The Shiatsu Society (UK) is working hard to ensure that people use qualified practitioners to get the most benefit from Shiatsu. This includes collaborating with Dr Hilary Jones, who explains “I am delighted to be associated with the Shiatsu Society as I’ve had Shiatsu myself. I believe that modern medicine and complementary therapies can often work together to achieve the best results for patients. Shiatsu Society practitioners are all fully qualified with a minimum of 3 years training. Using a practitioner from the Shiatsu Society (UK) assures you of professional, expert attention.”
A major new piece of research has just been published entitled ‘Acupuncture & Counselling for Depression in Primary Care – A Randomised Controlled Trial’. The study was carried out by research scientists at York University, and this is the first major study to look at evaluating in such a thorough way, the clinical impact of acupuncture and counselling for patients with ongoing depression. This piece will give a brief summary of the study, and it’s findings, and briefly discuss depression both from the Western biomedical and traditional acupuncture perspectives.
The York Research
The researchers at York university were prompted to carry out this study because until now it has been unclear to what extent acupuncture or counselling are effective in treating depression. The research method used consisted of a randomised controlled trial which selected 755 patients with depression, who were currently in the primary care system. They were chosen for the trial on the basis of the score they achieved in a questionnaire used by clinicians to diagnose and assess the severity of depression, called the Beck Depression Inventory. There were 3 groups, an acupuncture group, one for counselling and the third, that received their usual care. Whilst there were standardised protocols for the acupuncture and counselling sessions, ‘usual care’ was not standardised – being how the patient was treated in the system up to the start of the trial – for instance 68.7% of the patients were on anti depressant medication.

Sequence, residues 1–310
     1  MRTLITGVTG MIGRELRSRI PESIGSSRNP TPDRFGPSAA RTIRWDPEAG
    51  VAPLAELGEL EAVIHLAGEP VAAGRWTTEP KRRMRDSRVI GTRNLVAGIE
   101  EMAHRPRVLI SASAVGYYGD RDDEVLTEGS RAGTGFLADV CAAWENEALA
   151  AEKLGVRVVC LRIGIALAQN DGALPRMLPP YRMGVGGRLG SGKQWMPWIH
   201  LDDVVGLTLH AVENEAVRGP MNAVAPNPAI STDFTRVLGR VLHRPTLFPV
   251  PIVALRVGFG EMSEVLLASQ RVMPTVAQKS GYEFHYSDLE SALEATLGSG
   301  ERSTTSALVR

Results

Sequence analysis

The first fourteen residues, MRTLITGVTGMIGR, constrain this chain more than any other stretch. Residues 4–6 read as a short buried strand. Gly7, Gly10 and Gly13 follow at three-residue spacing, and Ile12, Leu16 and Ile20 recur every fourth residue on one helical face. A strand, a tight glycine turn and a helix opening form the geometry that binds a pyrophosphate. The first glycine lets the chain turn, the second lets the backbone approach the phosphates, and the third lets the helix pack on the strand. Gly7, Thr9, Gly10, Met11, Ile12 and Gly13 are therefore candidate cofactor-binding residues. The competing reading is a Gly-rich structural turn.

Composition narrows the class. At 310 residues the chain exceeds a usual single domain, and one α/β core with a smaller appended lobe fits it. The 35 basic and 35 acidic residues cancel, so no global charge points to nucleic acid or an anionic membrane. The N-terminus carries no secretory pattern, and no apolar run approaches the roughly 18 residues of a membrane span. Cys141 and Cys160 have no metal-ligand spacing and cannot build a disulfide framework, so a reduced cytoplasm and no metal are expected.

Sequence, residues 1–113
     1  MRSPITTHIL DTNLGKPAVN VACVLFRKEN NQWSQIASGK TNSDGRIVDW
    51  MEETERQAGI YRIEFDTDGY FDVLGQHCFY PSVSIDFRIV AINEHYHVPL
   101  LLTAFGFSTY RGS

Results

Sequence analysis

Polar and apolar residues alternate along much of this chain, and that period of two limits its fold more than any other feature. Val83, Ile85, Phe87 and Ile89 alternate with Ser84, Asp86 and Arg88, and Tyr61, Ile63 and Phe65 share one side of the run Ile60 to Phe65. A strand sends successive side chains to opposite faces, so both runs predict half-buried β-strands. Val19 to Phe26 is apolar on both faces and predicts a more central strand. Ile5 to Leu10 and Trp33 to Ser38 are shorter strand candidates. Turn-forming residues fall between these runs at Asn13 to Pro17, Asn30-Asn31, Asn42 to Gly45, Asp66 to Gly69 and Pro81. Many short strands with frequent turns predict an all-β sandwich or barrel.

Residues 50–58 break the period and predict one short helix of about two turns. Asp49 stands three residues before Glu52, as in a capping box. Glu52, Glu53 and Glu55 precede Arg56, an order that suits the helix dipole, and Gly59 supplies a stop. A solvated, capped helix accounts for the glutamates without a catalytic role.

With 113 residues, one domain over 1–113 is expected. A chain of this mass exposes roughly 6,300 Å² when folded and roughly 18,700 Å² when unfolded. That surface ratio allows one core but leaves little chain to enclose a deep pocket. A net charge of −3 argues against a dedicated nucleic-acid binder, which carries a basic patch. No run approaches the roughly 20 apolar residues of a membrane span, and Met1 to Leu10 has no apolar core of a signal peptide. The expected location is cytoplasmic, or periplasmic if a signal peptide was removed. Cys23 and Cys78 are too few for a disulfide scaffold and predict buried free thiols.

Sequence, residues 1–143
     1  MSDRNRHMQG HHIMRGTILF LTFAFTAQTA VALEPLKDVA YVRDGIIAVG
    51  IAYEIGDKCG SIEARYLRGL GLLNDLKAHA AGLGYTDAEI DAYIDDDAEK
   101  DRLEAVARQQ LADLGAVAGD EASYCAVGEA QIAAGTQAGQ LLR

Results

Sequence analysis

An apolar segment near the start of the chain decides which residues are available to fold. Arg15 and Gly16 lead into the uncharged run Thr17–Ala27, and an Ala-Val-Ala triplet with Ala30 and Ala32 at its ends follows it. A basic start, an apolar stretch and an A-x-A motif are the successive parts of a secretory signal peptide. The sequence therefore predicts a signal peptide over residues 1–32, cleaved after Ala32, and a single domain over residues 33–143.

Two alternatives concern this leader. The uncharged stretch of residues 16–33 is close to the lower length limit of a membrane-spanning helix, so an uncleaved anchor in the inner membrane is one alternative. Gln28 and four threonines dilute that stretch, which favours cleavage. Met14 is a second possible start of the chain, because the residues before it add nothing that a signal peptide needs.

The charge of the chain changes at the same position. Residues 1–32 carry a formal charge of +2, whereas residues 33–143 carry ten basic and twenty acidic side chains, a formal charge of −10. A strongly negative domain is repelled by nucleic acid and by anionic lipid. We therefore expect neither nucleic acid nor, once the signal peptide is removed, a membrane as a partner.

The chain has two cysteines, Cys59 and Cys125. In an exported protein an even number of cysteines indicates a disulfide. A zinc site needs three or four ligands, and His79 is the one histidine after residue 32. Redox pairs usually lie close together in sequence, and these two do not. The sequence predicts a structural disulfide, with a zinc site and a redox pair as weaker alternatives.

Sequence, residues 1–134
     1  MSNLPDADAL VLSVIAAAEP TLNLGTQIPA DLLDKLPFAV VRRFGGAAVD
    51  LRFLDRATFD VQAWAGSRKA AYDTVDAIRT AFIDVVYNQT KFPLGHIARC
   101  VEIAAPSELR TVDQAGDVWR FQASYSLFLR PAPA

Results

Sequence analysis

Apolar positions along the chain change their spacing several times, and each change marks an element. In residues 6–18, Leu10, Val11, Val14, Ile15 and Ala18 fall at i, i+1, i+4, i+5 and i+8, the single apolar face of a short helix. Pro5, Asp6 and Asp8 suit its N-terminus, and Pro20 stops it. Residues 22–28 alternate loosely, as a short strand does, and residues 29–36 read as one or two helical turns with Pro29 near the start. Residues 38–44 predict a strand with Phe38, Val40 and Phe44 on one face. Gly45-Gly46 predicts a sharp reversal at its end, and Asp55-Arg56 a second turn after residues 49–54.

The outcome was assessed using another scoring questionnaire called the Patient Health Questionnaire – PHQ-9, and was carried out after 3 months and a follow up at 12 months. Compared to the usual care, acupuncture treatment resulted in a significant reduction in the PHQ-9 scores. The conclusion reached by the study was that acupuncture versus the usual care was associated with a significant reduction in the symptoms of depression.